How the tax system hugely discriminates against single-income couples

Under the Irish tax code, a married couple on one income can pay thousands more in tax each year compared with a  double-income married couple earning the same amount.

For example, a single-income married couple on €65,600 per annum, will pay more than €12,000 in tax while a double-income married couple also earning €65,600 will pay about €6,000 in tax.

How is this fair?

The difference is due to something called tax individualisation which was introduced into the Irish tax code via Budget 2000. It caused huge controversy at the time because it so plainly discriminated against single-income married couples.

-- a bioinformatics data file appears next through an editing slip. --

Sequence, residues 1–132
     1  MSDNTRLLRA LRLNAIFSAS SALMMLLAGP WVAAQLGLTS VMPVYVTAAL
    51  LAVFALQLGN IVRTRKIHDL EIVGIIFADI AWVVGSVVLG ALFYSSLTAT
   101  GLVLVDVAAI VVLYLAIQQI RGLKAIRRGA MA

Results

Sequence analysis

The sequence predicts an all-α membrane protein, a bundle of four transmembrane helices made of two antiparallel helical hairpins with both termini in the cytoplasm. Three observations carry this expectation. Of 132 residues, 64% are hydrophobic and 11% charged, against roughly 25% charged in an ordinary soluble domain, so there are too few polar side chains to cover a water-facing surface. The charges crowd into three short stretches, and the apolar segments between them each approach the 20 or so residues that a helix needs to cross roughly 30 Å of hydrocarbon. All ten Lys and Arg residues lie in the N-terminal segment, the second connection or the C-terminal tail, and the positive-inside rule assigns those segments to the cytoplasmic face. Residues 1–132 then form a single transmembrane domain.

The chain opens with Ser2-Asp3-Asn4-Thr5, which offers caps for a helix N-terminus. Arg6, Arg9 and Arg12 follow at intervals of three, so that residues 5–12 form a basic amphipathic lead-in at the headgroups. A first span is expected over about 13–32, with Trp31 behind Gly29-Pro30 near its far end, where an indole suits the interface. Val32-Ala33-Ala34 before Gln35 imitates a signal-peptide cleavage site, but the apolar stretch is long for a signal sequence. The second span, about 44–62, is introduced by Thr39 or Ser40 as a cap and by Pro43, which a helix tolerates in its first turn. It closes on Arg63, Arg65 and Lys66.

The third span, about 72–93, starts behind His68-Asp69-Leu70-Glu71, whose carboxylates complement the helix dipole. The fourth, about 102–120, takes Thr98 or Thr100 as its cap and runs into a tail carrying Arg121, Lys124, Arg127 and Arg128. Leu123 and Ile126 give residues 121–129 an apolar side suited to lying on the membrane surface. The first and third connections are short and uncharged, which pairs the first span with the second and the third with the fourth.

The only realistic way to end this tax discrimination is for the Government to increase the Home-Carers Credit, which is a tax allowance for families who care for someone in the home, including children.

This was introduced as an amendment to Budget 2000 because of the public outcry, but it was small and has barely increased in the meantime.

The Government should not be favouring some couples over others in this way. The tax system should be fairer. The way to make it fairer is through a big increase in the Home-Carers Credit, over several budgets if need be.

To read more about this discriminatory policy, see here and here.